The Future Lies in the Development of Fair Trade

June 18, 2015 | News

OPENING SPEECH at the First Latin American Regional Conference – Brazil – 2008

Mr. Chairman, Your Worship the Mayor, members of the Diplomatic Corps, members of the Consular Corps, colleague Consuls from all over the world, colleague members of the Board of Directors of the World Federation of Consuls, distinguished ladies and gentlemen.

This is undoubtedly one of the proudest moments in the history of the World Federation of Consuls.

I am deeply honoured to be here with you at the first ever FICAC Latin America Consular Conference. As President of the World Federation of Consuls, I am totally delighted to formally welcome each and every one of you to this most important Conference and to thank you for participating with us.

I am particularly pleased that His Worship the Mayor has been able to take time out of his busy schedule to share this historic moment with us.

We meet today in Recife, one of the most beautiful areas of the world famous Brazilian tourism industry, and in the warmth of Brazil’s traditional hospitality, which has already made us all feel welcome.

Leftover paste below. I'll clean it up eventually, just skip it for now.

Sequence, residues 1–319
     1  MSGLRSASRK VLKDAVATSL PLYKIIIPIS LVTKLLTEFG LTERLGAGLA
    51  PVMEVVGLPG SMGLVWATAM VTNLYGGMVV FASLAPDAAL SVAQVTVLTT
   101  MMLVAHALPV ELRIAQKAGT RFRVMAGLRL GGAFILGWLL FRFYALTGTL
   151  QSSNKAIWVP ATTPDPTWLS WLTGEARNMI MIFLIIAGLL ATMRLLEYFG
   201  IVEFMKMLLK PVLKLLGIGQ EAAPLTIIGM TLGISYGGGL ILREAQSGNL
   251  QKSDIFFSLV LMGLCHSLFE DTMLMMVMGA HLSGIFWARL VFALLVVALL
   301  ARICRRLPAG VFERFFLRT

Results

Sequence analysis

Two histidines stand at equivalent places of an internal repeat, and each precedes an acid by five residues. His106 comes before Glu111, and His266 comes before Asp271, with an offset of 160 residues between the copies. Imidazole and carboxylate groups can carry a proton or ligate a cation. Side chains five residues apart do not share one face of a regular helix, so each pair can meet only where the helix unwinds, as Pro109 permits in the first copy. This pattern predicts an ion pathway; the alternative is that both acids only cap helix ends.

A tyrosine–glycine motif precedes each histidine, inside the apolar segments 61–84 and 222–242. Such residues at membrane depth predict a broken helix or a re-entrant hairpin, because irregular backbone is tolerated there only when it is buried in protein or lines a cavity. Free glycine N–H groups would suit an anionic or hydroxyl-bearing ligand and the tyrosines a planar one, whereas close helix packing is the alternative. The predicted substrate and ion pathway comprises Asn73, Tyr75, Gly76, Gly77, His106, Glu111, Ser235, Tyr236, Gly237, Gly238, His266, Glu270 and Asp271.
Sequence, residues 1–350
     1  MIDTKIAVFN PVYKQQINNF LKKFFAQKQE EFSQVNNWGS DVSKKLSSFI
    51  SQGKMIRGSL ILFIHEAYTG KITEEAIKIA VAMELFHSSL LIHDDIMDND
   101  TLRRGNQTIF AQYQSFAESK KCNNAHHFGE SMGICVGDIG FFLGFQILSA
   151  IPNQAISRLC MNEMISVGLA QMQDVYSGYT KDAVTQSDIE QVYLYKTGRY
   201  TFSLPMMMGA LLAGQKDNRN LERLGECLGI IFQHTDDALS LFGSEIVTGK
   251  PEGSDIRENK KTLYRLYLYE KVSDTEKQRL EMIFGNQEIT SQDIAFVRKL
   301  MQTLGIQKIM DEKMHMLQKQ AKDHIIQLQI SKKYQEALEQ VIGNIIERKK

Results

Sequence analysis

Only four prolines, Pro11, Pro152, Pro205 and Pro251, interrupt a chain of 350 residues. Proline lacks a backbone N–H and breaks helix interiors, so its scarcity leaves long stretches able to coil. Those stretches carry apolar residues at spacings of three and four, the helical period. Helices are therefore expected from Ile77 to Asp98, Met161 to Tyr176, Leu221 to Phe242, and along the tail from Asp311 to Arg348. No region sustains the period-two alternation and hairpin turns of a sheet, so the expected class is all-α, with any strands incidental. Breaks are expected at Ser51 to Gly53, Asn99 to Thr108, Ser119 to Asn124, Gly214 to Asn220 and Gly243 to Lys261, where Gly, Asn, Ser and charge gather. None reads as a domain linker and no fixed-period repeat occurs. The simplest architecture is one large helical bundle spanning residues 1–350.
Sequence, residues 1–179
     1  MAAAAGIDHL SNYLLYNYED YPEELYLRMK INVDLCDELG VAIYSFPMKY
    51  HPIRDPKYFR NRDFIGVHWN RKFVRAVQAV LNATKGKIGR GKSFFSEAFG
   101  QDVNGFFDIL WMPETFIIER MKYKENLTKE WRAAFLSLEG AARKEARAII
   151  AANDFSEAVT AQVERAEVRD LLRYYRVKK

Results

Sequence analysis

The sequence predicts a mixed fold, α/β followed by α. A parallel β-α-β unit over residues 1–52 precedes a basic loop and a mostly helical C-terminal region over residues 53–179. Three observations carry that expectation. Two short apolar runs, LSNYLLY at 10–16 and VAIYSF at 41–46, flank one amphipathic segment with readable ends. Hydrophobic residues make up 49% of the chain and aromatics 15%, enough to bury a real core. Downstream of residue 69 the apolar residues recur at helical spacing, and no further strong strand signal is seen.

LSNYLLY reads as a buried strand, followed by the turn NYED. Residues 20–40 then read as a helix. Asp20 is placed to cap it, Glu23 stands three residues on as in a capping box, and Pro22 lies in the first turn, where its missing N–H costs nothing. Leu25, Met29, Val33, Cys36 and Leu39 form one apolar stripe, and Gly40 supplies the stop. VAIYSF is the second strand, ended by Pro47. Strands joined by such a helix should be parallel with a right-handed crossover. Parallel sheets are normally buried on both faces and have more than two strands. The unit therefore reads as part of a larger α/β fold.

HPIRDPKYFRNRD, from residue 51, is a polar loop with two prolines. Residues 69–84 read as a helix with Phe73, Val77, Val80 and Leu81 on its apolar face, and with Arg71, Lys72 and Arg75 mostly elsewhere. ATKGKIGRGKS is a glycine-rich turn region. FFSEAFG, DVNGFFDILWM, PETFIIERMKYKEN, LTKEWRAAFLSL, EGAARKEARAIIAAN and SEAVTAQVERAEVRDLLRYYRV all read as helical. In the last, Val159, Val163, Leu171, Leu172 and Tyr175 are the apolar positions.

I wish first to express my sincere appreciation and thanks to the Hon. Lamartine Hollanda Jr., Dean of the Consular Corps of Brazil, a Director of the World Federation of Consuls, Chairman of the FICAC Latin America Regional Committee, President of this Conference, and his excellent Organizing Committee who have done superb work in organizing this historic Conference. We are deeply grateful to them.

The World Federation of Consuls was established in Copenhagen in October 1982. The Federation was born of the necessity to bring together Consular Associations and Corps to share experiences and coordinate efforts to enhance the effectiveness and the status of the Consul, the oldest institution serving international bilateral relations.

This Administration has been setting up Regional Committees in East Asia, South Asia, the Middle East, Oceania, Africa, Eastern Europe, the Caribbean and Latin America. We can now say, for the first time, that FICAC is truly a global network of Consular Corps and Associations, created to support and improve the status, legitimacy and effectiveness of all Consular Corps in all sending and receiving States.